I've mostly avoided writing about "The Office" this season because I didn't have anything new to say beyond what I wrote six weeks into the season. But where many of this season's episodes have just felt listless, last night's episode actually made me angry, and also made me want to talk a bit about the thing that annoyed me. So rather than ignore the episode, or give it one paragraph in a round-up post (which is coming later for "30 Rock" and a bunch of other shows), coming up just as soon as I use elaborate cross-hatching...

So the Dwight half of the episode was fine. I tend to enjoy the occasional story where Dwight gets to be triumphant, particularly when it's tied to recognizable human emotion. I'm not entirely sure how they're going to incorporate Angela's baby in with plans to build a spin-off for next season around Dwight working on the beet farm, but Rainn Wilson did a very good job of playing Dwight's reaction to this news, and how it superceded any interest he had in punishing Jim.

But good God have I come to hate Jim and Pam. And it makes me angry and it makes me sad.

It just seems like the default setting for Jim stories these days is that he puts his family above his job, and while in a real world context that's both understandable and admirable, on the show — where, as far as we're concerned, the office is the family — it makes him seem like a jerk. And even within the framework of that, blowing off a week of work for non-existent jury duty is just a massive dick move. Massive. And Jim and Pam's attempt to fix the situation through more lies — when cookies would've solved everything — only made me dislike both of them more. (I'm not saying I've never used my kids as an excuse to get out of something I didn't want to do, but never to that extent, and never where I would actually parade them out as human shields made out of cuteness.)

And I know that this isn't necessarily out of character. Jim always viewed himself above the rest of the staff, Jim was disconnected from everyone else, and we've gotten reminders from time to time that they aren't really the king and queen of the prom that we viewed them as early on. But it's been pushed so far the last couple of years that I now realize that I hate both of them.

I know the temptation would be to blame the babies, invoking the old saw that babies ruin sitcoms. But plenty of workplace comedies have either featured young parents or had characters have babies during the run without anything really being disrupted. Carla on "Cheers" had several babies while the show was on the air. On "Community" (which is essentially a workplace comedy), Shirley had a baby last year that the show has largely ignored. Half the characters on "Scrubs" had babies as that series moved along, in some case multiples, and they did just fine with it.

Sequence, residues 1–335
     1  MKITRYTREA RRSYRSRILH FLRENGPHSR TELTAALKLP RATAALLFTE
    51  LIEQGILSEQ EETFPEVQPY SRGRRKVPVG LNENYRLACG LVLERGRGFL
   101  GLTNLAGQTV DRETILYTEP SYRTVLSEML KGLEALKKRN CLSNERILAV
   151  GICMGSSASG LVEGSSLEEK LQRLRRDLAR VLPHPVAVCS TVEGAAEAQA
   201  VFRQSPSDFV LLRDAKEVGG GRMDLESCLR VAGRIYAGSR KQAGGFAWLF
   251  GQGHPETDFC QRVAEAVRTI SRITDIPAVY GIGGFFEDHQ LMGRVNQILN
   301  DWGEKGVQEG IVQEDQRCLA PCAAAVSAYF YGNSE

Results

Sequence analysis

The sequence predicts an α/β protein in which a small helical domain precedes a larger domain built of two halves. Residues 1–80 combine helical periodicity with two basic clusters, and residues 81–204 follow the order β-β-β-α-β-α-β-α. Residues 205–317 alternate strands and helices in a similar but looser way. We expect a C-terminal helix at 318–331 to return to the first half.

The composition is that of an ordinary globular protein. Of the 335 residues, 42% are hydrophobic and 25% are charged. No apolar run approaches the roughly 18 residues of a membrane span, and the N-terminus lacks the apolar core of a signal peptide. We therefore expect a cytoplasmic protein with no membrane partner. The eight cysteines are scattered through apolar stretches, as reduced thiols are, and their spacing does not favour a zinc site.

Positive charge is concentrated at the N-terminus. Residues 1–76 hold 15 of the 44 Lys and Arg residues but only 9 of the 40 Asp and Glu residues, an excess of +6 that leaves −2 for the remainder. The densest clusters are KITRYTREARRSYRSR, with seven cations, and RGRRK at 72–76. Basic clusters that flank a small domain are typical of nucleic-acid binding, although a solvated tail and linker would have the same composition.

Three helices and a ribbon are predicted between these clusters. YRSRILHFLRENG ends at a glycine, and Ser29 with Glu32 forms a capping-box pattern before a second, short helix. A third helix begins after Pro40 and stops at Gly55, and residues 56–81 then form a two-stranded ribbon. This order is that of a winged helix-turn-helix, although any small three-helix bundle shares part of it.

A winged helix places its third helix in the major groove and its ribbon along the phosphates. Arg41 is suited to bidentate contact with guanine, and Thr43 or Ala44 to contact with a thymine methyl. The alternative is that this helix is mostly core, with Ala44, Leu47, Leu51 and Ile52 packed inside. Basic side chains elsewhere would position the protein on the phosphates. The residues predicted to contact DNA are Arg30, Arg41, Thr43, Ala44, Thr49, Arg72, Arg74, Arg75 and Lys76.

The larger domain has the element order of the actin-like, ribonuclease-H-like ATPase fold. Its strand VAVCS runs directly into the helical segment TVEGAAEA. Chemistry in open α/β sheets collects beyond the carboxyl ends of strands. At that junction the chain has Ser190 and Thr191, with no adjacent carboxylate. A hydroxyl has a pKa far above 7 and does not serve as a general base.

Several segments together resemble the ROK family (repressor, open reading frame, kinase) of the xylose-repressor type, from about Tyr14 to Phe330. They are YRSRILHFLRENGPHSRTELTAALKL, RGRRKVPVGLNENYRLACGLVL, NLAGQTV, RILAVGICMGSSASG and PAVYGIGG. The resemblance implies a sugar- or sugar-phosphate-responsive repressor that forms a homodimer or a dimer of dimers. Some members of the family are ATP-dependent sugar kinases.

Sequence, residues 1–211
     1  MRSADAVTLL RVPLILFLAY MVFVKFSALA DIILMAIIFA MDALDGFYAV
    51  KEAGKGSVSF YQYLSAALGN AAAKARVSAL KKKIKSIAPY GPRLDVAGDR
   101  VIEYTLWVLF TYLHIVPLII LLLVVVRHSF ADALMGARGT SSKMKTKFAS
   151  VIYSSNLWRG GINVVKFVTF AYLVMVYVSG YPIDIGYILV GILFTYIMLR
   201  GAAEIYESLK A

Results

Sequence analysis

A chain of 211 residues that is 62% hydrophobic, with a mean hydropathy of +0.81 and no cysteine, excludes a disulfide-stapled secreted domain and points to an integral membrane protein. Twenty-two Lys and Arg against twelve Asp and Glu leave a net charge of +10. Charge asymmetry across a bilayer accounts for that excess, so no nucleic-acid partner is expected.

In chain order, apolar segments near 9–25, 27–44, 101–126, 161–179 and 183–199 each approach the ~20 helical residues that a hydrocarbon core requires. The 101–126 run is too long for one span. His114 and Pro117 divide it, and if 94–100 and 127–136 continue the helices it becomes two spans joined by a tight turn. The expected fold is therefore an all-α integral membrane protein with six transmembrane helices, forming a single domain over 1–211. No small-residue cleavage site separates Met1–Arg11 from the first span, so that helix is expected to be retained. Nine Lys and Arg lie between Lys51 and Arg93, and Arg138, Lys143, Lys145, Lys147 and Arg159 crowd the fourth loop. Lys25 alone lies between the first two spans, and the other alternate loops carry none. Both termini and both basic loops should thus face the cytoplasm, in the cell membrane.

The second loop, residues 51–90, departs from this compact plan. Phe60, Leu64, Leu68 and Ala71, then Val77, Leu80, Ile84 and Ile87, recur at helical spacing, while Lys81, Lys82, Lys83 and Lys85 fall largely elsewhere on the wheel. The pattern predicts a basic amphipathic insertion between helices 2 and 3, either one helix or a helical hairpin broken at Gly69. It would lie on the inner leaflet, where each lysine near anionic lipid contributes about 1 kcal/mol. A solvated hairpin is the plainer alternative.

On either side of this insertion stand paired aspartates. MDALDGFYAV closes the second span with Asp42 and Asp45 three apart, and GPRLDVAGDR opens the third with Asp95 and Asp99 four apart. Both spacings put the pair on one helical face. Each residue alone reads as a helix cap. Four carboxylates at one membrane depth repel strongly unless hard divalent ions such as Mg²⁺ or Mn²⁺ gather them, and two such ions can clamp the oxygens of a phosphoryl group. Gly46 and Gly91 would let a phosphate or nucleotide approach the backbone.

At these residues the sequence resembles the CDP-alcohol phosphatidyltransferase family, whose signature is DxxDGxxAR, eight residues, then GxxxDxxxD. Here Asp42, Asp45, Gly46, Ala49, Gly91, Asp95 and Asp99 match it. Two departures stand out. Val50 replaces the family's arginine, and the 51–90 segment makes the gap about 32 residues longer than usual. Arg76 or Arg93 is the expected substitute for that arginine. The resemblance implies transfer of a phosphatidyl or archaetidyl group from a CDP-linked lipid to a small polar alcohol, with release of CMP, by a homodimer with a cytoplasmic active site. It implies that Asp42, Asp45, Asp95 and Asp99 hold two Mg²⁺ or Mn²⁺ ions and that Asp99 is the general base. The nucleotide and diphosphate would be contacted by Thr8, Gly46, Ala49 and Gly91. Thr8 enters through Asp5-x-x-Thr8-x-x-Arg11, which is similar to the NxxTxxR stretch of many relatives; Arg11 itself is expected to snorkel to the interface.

The problem isn't that Jim and Pam became parents. The problem is that the show hasn't known what to do with Jim in years(*), and hasn't known what to do with Pam since Michael left (her relationship with him kept her vital far longer than Jim has been). And because they no longer have any traits that the writing staff finds interesting (we haven't, for instance, dealt with how Jim feels about this job turning into a career in a long, long time), their new parenthood has filled up that idea vacuum and it's now solely how they're defined. And while parenthood is tough, particularly having two babies in such close proximity, it's still hard to make them sympathetic in the context of a show where home life has never played a significant role.

(*) You could make the argument that the other old saw — about the consummation of Unresolved Sexual Tension ruining romantic comedies — applies, except I have a lot of counter-examples to that as well (including "Cheers" once again), and I did enjoy Jim and Pam as a couple for several seasons after "The Job."

After James Spader was hired, but before we found out Andy would be the new branch manager, I thought that giving that position to Jim would be a win-win, not only giving Jim a clear role and focus for the first time in forever, but allowing Robert California to stay crazy to counterbalance Jim's sanity. Maybe that wouldn't have worked out, but Andy as boss really hasn't, and Jim with no direction whatsoever has been even worse.

A lot of you have been complaining about Jim and/or Pam for a while. Did their behavior in "Jury Duty" seem appreciably worse? How is everybody feeling about the season at this point? Did you at least like Dwight and the baby? Are you looking forward to the spin-off?